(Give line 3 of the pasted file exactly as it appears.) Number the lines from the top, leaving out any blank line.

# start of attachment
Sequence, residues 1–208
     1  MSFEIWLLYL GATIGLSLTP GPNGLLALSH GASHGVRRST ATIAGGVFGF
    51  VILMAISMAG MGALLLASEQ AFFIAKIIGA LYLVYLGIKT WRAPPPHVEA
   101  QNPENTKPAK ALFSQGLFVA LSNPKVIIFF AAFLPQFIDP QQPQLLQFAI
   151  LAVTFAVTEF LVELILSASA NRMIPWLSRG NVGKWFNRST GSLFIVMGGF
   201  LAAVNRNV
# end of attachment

    51  VILMAISMAG MGALLLASEQ AFFIAKIIGA LYLVYLGIKT WRAPPPHVEA